This is the opening of a letter sent out by Supt. Luna:
Dear Governor C.L. “Butch” Otter, Chairman John Goedde and Chairman Reed DeMordaunt:
In recent months, the Idaho State Department of Education has fielded
many questions related to data collection in education. As the state
moves toward higher academic standards in mathematics and English
language arts, some have tried to make a connection between our
transition to these new standards and data collection. We all know this
is not the case. The two are completely unrelated. However, many
individuals have raised concerns about data collection that are valid
and should be taken seriously.
Here’s one mother’s response:
How in the world can Mr. Luna get away with saying that data collection and changing standards are “completely unrelated”?! Categorically, Standards and Assessments and Data Systems to Support Instruction are listed as B and C on the Race To The Top application. (If we’re playing “the glad game,” then at least the federal government believes that Idaho is actually “using data to improve instruction,” as demonstrated by our award of 15.2 out of 18 points possible in this area on our Phase I RTTT app.)
Taken from my own research compilation in June:
On March 7, 2009, the US Department of Education (ED) announced the SFSF one-time appropriation of $53.6 billion under the American Recovery and Reinvestment Act of 2009 (ARRA). Of the $53.6 billion designated, $48.6 billion would be granted to governors in a formulated fashion “in exchange for a commitment to advance essential education reforms to benefit students from early learning through post-secondary education, including: college- and career- ready standards and high-quality, valid and reliable assessments for all students; development and use of pre-K through post-secondary and career data systems; increasing teacher effectiveness and ensuring an equitable distribution of qualified teachers; and turning around the lowest-performing schools. “(http://www2.ed.gov/policy/gen/leg/recovery/factsheet/stabilization-fund.html ). Only the remaining $5 billion would be awarded through head-to-head competition via the federal “Investing in What Works and Innovation” and “Race to the Top” programs.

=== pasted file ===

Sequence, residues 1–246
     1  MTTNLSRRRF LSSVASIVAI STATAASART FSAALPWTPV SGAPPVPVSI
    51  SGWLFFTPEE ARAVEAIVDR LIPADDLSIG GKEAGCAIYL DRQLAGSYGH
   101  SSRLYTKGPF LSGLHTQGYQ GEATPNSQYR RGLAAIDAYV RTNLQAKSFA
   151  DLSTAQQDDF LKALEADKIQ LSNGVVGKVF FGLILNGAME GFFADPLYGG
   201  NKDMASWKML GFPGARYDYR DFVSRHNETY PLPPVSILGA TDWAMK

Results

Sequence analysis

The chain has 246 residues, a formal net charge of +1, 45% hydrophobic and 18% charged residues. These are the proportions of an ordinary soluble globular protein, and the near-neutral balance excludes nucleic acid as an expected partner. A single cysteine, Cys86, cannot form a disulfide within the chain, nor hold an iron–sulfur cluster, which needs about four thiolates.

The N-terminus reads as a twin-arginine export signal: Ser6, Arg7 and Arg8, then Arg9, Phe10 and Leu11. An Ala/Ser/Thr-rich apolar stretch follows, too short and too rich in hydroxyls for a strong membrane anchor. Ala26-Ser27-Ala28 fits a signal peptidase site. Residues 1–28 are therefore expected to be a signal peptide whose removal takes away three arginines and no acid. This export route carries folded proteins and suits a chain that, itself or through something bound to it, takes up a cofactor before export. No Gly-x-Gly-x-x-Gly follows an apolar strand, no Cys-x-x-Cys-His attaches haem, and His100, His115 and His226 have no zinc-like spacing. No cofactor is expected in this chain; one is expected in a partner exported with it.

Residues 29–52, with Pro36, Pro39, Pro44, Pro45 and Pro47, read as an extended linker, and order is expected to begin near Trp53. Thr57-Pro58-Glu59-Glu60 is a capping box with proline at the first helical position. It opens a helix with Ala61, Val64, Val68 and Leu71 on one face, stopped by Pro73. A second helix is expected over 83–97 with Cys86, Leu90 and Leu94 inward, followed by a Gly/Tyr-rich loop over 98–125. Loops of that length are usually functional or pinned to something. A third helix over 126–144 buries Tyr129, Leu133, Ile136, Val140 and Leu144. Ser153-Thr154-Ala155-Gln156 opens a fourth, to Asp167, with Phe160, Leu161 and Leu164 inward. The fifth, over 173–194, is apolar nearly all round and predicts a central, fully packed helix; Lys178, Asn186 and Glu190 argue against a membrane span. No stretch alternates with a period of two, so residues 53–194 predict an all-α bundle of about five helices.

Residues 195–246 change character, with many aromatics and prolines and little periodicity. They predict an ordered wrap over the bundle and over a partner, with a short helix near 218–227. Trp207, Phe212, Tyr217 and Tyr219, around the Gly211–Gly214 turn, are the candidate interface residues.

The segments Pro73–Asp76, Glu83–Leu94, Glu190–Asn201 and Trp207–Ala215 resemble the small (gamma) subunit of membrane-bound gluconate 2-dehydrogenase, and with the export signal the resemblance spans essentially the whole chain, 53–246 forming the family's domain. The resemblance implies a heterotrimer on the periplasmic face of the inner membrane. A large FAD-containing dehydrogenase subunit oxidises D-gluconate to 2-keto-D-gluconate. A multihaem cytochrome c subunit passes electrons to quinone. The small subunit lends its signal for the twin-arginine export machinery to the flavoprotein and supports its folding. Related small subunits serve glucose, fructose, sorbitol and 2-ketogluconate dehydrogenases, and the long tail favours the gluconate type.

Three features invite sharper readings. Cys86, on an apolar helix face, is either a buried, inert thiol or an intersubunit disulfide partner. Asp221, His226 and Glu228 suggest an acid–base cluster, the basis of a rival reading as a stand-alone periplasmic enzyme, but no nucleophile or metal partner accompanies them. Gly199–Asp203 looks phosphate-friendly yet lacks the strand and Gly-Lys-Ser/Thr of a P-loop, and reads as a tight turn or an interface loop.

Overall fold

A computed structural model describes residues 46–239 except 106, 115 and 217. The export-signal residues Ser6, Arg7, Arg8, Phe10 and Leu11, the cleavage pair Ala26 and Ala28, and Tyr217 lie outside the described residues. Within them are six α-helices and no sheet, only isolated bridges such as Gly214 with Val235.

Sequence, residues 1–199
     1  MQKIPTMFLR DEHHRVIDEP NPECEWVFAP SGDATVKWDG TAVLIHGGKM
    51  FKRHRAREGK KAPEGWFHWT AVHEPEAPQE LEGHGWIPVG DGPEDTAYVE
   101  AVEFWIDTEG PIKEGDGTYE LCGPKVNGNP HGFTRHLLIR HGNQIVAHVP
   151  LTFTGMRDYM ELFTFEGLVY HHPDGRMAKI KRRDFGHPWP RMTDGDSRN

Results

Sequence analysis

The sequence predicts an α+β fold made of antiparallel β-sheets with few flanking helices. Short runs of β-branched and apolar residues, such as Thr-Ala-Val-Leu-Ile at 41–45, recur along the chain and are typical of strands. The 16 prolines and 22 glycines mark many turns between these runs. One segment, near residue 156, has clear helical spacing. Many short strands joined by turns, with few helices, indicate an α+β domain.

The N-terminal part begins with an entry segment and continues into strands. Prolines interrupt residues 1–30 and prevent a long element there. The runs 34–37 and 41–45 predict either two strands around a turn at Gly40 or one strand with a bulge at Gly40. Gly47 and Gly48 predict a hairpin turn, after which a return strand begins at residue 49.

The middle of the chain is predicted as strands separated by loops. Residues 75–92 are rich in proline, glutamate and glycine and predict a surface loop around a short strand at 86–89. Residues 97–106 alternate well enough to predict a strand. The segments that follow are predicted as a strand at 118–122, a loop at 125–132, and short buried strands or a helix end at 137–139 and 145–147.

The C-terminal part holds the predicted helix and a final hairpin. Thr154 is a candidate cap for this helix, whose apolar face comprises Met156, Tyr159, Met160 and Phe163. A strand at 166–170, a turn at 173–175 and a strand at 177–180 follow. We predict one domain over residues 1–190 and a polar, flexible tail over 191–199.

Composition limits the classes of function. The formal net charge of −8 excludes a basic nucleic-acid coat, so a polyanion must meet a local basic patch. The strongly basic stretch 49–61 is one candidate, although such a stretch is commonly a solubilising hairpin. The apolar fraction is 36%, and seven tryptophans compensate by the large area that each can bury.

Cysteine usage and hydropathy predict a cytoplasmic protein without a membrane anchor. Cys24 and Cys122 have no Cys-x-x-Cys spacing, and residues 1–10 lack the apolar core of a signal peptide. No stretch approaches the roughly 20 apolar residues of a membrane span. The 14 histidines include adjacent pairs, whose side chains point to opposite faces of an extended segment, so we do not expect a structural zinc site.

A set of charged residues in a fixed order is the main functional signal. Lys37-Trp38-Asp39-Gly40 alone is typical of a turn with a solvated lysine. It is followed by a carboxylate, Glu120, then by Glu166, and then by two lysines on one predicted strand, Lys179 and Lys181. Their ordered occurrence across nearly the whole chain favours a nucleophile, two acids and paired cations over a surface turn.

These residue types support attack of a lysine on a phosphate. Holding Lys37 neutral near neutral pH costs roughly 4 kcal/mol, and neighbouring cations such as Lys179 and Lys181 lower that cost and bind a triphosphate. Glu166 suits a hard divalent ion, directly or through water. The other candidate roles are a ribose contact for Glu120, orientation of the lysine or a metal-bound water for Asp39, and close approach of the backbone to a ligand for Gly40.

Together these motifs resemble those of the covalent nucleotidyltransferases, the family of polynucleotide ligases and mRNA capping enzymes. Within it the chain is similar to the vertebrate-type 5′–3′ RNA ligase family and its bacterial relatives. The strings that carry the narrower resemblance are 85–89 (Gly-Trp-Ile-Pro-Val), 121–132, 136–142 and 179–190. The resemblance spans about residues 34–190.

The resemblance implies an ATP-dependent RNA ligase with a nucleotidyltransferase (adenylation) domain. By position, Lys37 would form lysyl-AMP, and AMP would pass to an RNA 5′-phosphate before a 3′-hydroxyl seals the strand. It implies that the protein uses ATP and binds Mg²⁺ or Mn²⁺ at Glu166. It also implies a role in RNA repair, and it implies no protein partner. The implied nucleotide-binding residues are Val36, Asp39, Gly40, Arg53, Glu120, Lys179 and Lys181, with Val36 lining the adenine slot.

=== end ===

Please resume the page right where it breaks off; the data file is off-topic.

In Governor Otter’s “Recommendation on Federal Stimulus American Recovery and Reinvestment Act of 2009” under the paragraph “Acceptance of Funds, ” Gov. Otter lists Idaho’s formulated portion as $1.24 billion over three years with an estimated $201.7 million derived from the Education Stabilization Fund provision of ARRA. You can find Gov. Otter’s recommendation at http://accountability.idaho.gov/pdf/Governor_Recommendation.pdf (pp. 2-3). As further confirmation of this, the US Department of Education “Fiscal Year 2010 Budget Request” lists the “Recovery Act Estimate” for Idaho’s “Education State Grant” as $201,699,682. http://www2.ed.gov/about/overview/budget/budget10/justifications/e-sfsf.pdf (p. 18).
If you can’t see a clear and present relationship between the changing standards and data collection, then you must be a victim of Common Core brainwashing! (Think this statement will elicit a reaction?)
Additionally, is teachers’ data so well-protected that it needs no mention? I realize this debate is largely about our students, but sensitive educator information is at stake as well. Staff Demographics and Employment, Staff Assignments, and Teacher Attendance are all sections listed on the Excel spreadsheet with reasons for collection such as SIG, ARRA, SFSF, EdFacts, state funding, certification, NCES, EDEN, “and more.” It’s the totally vague “and more” that scares me!
How strong exactly will this firewall be? I know the firewall in my computer software can be disabled with a couple of mouse clicks. What will this do to strengthen FERPA, if anything? Will this ensure that written parental consent must be provided before access to data is granted? Is this just to serve as a pacification to those of us who have raised our voices? (April Craig)
The documents that were signed to either receive or compete for federal money all had two things in common, adopting a set of common standards and setting up a data collecting system. Most people who’ve looked at the documents can see a pretty clear connection. So while the idea of a firewall is nice it doesn’t do any good if you let the pyro in with his gasoline and matches.